His fellow pilots treated us like royalty with steak, best of wines, and anything that our hearts desired. On the 26th we left Dijon in a jeep with one of Troy's officer friends and he drove us back to Camp Lucky Strike. There I met my good friend Joe Dell, who had been in training with me and he had also become a prisoner of war when he had to bail out of his P-47 airplane over southern Germany. Confusion persisted and on the 2nd of June Abbott and I caught a ride on a B-17 to Ipswich in England and landed at the 100 Bomb Group Air Base. In London we stayed at the Red Cross center and on the 4th we took a train to Blackpool where the English people welcomed the two Ex. P.O.W.s. With our money almost gone, we again checked in at the Air Force center and were given orders to proceed to Southampton where we were processed on the 12th. On the 13th we boarded a hospital ship. Most of the passengers where wounded infantry soldiers and we had good food and pleasant company. We arrived in the harbor in New York on the 12th of June, and I remember with pride and thankfulness to see the Statue of Liberty. When the ship docked, we were welcomed by bands and reception committees. As we stepped ashore happiness was overwhelming with the realization that we were really, really back in the United States of America.

In my P.O.W. diary I drew a picture of the Statue of Liberty and had inscribed it with the following poem: "So it's home again, home again America for me. My heart is turning home again and there I long to be. In the land of youth and freedom beyond the ocean bars, where the air is full of sunlight and the flag is full of stars".

Processing was rapid and soon I was on a train traveling to Wisconsin. A reception with my family and many friends was overwhelming. People shared their gas rationing coupons with me so that I was unrestricted in my activities and enjoyed the companionship of the many young, lovely ladies of Blanchardville that I had been dreaming about in prison camp. Strombotne came from Tennessee to Wisconsin and we enjoyed several days together. Dad and I did a lot of fishing together and reminiscing about my experiences in the war. I was pleased to see how information was passed on to my parents by the Red Cross and the Air Force. Several of the letters that I had sent from prison camp were received by my parents. The adjutant general of the Army had kept my parents posted as to our liberation. It was also of interest that a Mr. Ed Taylor in Tauton, Massachusetts had been monitoring the German radio all during the war, and he heard my name mentioned on two occasions and sent notes to my parents. After I had been home a month I took the time to write to him and thanked him for his great service to the military people in the prison camps. He stated there were other people on the east coast who did similar short-wave radio work and relaying messages to the families of military prisoners of war.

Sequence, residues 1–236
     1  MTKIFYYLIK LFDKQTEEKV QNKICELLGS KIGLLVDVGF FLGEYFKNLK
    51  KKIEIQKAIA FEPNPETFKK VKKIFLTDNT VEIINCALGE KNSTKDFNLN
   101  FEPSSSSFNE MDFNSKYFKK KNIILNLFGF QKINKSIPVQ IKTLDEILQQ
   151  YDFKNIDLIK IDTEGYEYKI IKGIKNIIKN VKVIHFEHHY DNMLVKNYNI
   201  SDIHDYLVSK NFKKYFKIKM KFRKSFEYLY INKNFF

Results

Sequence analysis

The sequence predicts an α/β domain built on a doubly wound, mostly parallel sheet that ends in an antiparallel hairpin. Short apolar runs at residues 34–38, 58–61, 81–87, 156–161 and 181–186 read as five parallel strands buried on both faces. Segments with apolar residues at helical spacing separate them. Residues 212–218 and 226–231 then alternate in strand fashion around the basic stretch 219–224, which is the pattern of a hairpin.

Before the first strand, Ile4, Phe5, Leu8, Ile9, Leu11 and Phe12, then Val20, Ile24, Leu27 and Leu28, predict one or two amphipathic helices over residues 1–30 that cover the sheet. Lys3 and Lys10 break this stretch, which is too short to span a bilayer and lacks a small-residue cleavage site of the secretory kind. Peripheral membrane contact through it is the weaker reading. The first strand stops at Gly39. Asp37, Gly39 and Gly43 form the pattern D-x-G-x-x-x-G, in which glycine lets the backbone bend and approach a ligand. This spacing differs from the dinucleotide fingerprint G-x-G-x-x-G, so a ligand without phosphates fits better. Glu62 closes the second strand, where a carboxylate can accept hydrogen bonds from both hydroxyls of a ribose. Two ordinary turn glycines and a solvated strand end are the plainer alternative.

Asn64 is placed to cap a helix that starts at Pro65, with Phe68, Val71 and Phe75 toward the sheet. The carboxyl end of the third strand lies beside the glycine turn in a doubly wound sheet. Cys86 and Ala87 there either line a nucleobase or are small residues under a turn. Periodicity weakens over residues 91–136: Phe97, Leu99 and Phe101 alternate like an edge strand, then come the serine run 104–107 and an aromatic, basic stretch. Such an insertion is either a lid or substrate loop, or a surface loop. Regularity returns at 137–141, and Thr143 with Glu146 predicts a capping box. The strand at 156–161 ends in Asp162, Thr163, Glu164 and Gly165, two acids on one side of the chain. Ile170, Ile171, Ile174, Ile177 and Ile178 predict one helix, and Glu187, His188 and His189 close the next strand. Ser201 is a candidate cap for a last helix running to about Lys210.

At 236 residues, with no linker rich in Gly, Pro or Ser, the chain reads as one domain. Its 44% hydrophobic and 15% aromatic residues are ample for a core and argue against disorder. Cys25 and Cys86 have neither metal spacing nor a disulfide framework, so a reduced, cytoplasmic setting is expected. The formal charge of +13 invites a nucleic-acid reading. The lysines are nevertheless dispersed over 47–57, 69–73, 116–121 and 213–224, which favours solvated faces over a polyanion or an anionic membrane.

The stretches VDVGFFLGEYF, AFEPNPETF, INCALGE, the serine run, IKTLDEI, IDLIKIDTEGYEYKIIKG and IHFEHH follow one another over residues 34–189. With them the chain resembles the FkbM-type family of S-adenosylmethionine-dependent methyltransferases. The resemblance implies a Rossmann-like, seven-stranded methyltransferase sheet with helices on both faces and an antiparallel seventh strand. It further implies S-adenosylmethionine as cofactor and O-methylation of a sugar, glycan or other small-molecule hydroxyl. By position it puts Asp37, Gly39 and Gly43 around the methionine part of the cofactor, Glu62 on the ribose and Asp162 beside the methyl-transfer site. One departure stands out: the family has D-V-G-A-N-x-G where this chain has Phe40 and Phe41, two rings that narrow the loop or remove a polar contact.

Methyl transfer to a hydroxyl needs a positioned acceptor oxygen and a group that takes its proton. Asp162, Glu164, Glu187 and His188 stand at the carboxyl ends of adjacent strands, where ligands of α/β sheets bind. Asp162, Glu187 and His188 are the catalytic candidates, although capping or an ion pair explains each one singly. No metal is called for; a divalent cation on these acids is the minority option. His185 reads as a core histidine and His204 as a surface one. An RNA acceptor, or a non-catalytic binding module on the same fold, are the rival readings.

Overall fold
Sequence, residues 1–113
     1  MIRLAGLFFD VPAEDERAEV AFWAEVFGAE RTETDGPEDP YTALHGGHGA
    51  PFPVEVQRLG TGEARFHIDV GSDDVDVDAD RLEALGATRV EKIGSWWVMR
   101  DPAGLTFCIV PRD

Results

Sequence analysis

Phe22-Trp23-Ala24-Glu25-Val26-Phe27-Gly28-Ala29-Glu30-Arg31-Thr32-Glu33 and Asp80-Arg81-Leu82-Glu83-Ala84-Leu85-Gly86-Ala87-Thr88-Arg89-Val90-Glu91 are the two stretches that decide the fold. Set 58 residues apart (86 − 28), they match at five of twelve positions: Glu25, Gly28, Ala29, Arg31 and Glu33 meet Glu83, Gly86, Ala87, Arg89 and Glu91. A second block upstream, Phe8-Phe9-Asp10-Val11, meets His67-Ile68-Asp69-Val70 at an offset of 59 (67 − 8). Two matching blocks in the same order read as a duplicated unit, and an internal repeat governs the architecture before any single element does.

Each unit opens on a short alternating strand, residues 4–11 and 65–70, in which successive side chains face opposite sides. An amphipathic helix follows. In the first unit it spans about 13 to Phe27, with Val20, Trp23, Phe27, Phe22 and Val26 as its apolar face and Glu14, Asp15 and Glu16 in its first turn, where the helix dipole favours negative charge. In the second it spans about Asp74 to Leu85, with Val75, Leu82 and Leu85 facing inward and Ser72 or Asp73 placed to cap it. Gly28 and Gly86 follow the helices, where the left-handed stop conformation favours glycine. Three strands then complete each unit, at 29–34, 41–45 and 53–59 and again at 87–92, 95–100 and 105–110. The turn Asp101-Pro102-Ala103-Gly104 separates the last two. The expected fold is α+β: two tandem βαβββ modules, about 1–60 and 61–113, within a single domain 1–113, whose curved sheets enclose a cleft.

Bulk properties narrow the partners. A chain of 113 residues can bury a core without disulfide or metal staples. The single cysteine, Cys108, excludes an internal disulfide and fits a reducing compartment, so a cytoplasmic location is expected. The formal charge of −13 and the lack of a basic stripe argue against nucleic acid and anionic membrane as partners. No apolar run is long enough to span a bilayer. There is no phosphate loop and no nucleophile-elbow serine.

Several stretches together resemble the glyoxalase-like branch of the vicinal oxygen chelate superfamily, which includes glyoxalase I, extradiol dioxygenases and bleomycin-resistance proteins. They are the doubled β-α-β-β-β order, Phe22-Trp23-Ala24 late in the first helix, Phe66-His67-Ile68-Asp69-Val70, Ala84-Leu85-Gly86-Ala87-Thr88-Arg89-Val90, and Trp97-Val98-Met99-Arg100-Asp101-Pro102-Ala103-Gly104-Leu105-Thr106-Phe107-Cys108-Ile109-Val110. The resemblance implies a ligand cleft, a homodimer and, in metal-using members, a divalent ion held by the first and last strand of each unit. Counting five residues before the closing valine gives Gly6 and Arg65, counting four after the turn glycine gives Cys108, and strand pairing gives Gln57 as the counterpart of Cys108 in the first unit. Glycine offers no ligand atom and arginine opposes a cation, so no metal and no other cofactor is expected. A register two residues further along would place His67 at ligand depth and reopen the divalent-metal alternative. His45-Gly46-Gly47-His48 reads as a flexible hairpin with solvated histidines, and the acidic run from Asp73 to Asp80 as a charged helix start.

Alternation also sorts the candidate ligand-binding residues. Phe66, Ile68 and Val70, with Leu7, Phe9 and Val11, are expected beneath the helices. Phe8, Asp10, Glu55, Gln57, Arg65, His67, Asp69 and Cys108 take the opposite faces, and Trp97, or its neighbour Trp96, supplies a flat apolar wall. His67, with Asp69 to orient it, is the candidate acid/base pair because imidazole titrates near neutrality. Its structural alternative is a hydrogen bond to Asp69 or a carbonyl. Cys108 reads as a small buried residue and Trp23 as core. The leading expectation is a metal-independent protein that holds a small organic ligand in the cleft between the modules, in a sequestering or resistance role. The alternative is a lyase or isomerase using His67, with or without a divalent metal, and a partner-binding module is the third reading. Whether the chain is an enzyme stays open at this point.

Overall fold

After this pleasant sixty day leave in Wisconsin I was ordered to the Rehabilitation Center in Miami Beach where I enjoyed two weeks of luxurious and healthy living. During the processing there I requested a return to flying status and service in the Pacific. I was then assigned to Minter Field in Bakersfield, California and started flying there. Of interest is that officer's quarter only cost fifty cents a night and meals thirty-five cents. With the cessation of the war in the Pacific, I either had to join the regular army or ask for discharge. I was then transferred to Truax Field in Madison, Wisconsin, and on the ninth of December, 1945

I was discharged from active duty. I then returned to Minneapolis to attend Augsburg College to finish my premedical studies. In 1942 I had received a deferment to go to Medical School, but patriotism was so strong with my brothers in service that I had to enter the Army Air Corps too. Now I was returning to college and I wanted to get into Medical School as soon as possible. I attended night school and summer sessions at the University of Minnesota and with one more year at Augsburg College and with my military credits I was able to graduate in the spring of 1947. During this time I dated a young nurse at St. Mary's Hospital where I was working as an orderly to help pay for my education; love overwhelmed us and we were married that summer. The University of Wisconsin accepted me for Medical School in the fall of 1947. These were wonderful years, but difficult at times because our financial resources were limited; the G.I. Bill was a great help in getting me through Medical School. I joined the Air Force R.O.T.C. with the idea that I was going to make the Air Force my career.